In times as unprecedented as COVID-19, many who have been laid off from their jobs cannot afford to uphold their rent. Between putting food on the table, paying bills, and handling rent, with no source of income, financing has become nearly impossible for many individuals.
Some landlords have taken to pressuring tenants into “sex-for-rent” agreements, according to the New York Post. From Hawaii to Chicago, there have been major increases in housing-related sexual misconduct over the month of April. Women of color and trans women are often the most likely to be targeted by landlords for sexual assault.
Financial hardship and unemployment have made some tenants more vulnerable to sexual misconduct and harassment within their housing agreements. According to Buzzfeed News, a woman unable to pay her April rent texted her landlord about looking into more affordable options and he responded with a salacious photograph of himself.
With nearly 17 million Americans filing for unemployment benefits since the government shutdowns, nearly ⅓ of Americans could not manage their April rent within the early days of the month. Some landlords have seized the crisis as an opportunity to sexually harass tenants who’ve found themselves unable to afford rent.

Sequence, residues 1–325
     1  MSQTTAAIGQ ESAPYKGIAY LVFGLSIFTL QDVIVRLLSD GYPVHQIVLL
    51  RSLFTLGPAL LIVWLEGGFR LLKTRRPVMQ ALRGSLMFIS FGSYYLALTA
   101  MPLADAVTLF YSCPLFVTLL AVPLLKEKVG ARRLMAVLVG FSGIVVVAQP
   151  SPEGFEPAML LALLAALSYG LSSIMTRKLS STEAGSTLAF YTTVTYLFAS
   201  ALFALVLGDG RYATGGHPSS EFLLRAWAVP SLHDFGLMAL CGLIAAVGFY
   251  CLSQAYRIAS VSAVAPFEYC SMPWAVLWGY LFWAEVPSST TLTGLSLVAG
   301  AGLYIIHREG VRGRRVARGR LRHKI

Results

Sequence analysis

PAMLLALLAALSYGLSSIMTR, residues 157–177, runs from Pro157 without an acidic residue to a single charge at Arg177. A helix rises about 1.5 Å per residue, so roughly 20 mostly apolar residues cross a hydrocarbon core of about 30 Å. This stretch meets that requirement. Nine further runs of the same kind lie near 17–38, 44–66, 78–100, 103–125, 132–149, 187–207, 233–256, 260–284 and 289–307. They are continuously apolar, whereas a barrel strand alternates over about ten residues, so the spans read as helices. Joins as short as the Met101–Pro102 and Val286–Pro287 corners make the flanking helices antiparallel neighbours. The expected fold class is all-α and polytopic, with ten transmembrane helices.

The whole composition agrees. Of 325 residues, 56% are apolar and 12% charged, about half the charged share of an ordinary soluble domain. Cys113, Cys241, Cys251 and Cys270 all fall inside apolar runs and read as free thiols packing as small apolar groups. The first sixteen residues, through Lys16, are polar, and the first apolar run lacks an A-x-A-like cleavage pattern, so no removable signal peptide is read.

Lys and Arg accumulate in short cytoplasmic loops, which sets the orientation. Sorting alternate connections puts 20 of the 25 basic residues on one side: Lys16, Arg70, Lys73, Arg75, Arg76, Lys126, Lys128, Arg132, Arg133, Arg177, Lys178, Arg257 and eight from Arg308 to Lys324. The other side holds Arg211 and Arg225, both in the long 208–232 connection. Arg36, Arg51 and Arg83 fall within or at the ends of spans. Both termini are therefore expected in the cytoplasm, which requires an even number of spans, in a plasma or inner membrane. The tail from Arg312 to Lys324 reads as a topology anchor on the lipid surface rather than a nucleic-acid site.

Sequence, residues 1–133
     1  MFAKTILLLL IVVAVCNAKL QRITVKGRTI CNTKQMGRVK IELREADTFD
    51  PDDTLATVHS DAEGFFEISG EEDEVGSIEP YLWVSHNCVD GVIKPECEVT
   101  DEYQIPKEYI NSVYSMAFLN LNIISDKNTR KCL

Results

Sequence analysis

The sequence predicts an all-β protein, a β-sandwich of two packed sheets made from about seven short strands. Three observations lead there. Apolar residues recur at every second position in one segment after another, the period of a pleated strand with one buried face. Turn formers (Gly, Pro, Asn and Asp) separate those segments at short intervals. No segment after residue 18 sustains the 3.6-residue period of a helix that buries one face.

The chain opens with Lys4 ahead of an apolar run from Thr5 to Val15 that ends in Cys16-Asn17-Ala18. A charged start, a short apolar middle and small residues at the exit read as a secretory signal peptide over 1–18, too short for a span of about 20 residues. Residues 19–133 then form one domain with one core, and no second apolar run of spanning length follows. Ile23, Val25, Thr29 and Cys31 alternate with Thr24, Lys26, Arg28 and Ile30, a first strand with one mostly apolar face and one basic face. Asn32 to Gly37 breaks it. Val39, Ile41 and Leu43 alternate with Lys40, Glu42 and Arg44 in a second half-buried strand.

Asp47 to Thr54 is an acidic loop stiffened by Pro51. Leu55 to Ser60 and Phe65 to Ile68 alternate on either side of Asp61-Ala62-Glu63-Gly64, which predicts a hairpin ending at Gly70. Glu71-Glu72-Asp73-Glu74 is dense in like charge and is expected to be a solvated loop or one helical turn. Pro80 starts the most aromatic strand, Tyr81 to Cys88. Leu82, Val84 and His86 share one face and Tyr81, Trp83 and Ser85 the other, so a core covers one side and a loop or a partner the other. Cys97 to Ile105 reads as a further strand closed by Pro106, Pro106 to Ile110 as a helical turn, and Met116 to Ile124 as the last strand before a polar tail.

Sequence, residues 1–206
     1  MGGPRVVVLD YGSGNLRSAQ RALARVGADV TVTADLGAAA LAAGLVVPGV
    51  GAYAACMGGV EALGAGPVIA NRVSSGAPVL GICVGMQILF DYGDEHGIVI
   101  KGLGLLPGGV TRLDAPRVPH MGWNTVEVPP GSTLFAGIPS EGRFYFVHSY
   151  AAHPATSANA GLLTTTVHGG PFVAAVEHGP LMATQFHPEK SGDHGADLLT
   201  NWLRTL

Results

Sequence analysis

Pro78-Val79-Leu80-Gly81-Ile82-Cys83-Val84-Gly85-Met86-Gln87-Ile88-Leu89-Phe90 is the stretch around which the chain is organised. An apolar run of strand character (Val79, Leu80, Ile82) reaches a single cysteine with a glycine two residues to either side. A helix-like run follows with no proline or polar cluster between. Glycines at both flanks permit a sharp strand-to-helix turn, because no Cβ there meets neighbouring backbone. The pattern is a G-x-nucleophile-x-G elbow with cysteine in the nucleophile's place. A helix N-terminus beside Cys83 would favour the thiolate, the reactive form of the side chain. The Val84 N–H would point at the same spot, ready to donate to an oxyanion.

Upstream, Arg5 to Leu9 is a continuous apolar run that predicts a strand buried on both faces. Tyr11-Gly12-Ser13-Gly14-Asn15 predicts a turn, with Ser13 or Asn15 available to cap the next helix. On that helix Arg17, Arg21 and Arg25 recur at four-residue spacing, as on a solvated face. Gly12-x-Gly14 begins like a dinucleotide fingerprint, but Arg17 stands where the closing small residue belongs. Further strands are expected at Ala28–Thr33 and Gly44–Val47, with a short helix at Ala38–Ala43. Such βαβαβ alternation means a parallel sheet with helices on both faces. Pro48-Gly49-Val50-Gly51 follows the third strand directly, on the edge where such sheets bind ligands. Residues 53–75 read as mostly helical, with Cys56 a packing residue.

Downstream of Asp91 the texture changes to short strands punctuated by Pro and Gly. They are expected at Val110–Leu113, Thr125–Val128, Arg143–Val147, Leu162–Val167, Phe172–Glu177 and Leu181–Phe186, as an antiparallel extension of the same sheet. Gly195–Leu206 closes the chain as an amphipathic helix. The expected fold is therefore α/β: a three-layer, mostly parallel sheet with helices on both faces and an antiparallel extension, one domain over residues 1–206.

There is a federal act that protects tenants from sexual discrimination by landlords and states also have individual housing laws banning sexual misconduct by landlords to tenants. While this is not a novel situation, it has seen an uptick since the onset of COVID-19.
Many states have enacted rent moratoriums. However, many others have not. Despite these moratoriums, in some states many people still will not be able to maintain their living situations. The Department of Justice is after landlords accused of coercing these tenants into trading sexual acts for rent.
That being said, many times this type of harassment goes unreported. Many women are unsure of where to seek help or fear their eviction or homelessness. Currently, tenants who are experiencing any type of harassment by their landlord should contact their legal aid office.
It is also possible to get help by filing a complaint with the Department of Housing and Urban Development Online. Though this is not a new issue, it is not one to take lightly. Amidst issues of this global pandemic and hysteria, it is possible to get the help and support needed as a tenant experiencing harassment.